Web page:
These names appear as a collective image in the vision of the chariot, revealed to the prophet Ezekiel when he was in exile in Telabib (Tel Aviv) (Ezekiel 3:15). Of the creatures it is written, "and the living creatures ran and returned as the appearance of a flash of lightning." (Ezekiel 1:14). Those who follow Maimonides's guidelines understand that the creatures' movement in the four directions and back to the center is the movement of the reader as he extracts meanings from the different chapters, and brings it to where he requires it. Back and forth stands for the erection and collapse of the structure of meaning – the secret of the "Guide for the Perplexed".
To understand Breger's action, we would do well to examine the names he selected, but also those he rejected, so that a portrait emerges – Breger's extraction of words has created a void, a negative – it is the image of the empty space in the dictionary. For example, the words 'man,' 'place,' living,' and 'soul' are missing from the show. The word 'image' (tzelem in Hebrew) holds the eye, and the disparity between the image of man and image-making is evident. (In Hebrew, the words for image [tzelem] and for photography [tzilum] derive from the same root.) It is tempting to charge photography with the creation of images, with the flattening of the human figure. According to Maimonides, tzelem is the essence of the thing, and in the case of Man, his essence is his unique consciousness as a speaking creature. In contemporary Hebrew, a reference to the 'tzelem (image) of Man' is rare; it has been superseded by tzilum (photography). The name of the human-rights organization Be-Tzelem captures both meanings: its activists take pictures of the reality in the Occupied Territories, as an alert to preserve the tzelem of Man, who has been created in the image of God. Representation occurs in any language, and is not unique to photography or to art in general, but here Breger evokes the familiar but somewhat overlooked question: how do you make art in a culture that forbids making images?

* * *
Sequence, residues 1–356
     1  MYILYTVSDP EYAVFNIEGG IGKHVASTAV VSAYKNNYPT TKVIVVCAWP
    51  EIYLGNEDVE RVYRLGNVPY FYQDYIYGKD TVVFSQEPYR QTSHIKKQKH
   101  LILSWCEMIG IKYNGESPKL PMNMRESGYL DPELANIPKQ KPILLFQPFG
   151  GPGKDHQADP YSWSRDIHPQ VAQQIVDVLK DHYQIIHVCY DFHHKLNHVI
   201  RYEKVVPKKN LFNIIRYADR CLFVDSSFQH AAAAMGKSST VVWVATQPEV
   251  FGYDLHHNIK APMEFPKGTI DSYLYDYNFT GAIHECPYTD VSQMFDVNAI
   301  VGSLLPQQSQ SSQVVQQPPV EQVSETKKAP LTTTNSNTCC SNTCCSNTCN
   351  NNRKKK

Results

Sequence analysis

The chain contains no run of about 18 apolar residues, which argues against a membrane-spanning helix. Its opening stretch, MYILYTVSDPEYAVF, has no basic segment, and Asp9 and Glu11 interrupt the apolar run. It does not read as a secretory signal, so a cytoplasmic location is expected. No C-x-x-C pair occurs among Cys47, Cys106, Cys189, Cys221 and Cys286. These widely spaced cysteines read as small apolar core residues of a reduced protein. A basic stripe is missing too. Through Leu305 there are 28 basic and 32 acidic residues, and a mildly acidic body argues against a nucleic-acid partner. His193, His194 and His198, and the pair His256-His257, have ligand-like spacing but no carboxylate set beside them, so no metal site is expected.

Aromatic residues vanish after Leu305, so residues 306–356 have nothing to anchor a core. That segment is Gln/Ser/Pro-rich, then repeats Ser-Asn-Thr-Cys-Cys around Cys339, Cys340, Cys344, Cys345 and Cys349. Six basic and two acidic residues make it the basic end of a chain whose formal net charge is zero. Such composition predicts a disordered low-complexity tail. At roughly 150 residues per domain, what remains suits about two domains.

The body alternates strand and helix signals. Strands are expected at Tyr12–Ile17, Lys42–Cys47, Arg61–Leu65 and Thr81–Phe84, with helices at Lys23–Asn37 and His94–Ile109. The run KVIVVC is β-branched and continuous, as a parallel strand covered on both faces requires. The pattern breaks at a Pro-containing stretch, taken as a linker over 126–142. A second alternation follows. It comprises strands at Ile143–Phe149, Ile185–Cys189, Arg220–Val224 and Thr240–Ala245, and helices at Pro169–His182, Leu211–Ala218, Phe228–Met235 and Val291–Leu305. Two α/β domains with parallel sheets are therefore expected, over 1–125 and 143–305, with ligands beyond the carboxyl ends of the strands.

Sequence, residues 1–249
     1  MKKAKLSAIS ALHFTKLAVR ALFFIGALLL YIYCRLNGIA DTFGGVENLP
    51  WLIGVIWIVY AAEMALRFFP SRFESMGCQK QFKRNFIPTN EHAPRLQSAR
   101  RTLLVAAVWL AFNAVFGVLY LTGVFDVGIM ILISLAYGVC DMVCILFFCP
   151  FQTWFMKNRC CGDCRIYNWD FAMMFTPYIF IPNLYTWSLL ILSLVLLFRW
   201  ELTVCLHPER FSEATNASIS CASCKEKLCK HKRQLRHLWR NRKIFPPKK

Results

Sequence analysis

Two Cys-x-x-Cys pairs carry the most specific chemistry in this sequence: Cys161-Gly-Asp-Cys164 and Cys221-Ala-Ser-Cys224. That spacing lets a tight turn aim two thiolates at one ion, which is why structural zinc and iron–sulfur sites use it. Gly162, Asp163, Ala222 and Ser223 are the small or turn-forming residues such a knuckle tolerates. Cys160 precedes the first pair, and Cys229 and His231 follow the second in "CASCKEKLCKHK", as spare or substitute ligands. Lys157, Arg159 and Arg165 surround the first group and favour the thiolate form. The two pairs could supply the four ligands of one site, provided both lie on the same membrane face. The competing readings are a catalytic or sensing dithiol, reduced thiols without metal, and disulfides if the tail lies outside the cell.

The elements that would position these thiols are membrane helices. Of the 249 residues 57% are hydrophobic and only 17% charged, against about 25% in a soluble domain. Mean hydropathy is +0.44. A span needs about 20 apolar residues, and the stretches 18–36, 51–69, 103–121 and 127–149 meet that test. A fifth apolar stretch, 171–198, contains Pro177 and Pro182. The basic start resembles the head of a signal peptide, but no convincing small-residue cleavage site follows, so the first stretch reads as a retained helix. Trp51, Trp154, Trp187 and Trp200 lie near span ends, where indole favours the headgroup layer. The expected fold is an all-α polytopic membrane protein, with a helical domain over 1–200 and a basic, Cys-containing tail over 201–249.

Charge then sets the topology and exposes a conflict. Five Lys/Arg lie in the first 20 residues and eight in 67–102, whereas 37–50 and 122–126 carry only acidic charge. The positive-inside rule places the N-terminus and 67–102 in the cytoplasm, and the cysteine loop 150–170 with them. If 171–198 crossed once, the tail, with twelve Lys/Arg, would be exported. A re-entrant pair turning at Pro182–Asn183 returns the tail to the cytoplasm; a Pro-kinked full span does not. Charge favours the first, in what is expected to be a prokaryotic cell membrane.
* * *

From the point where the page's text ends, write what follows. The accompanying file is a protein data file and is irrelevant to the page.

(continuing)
'Image,' picture,' 'woman:' these are the first items in the show, constituting a short story. A photographer (the image-maker) has made a picture of a woman. The photographer is the verb, and the woman is the subject. The picture is what stands between the photographer and the woman. The words 'man,' 'to see,' 'child' are conspicuously absent. According to Maimonides, 'man' and 'woman' represent the sexes (male and female) and "anything that is ready and willing to connect to anything else." 'Child' represents the existence of cause and consequence – in medieval language, the whole world was called 'consequence.' Also glaringly absent is the name tzur – rock – which share a Hebrew root with the words for urge, form, and creation (yetzer).
The next exhibit in the show, after 'woman, ' is 'chair.' The proximity of the two evokes the tension between of the two parts of a metaphorical equation. A woman is photographed, and she becomes a picture; she is now placed among other household furnishings. The thesis about objectification in an exhibitionist society crashes against this chair, which is also God's throne. This is how the image is constructed: the photographer sits like a king, his legs crossed, and imagines God saying, "Heaven is my throne, and the earth is my footstool." (Isaiah 66:1). The chair is a symbol for everything that is made, including the table and the house, the hammer and the nail, the pen and the sheet of paper.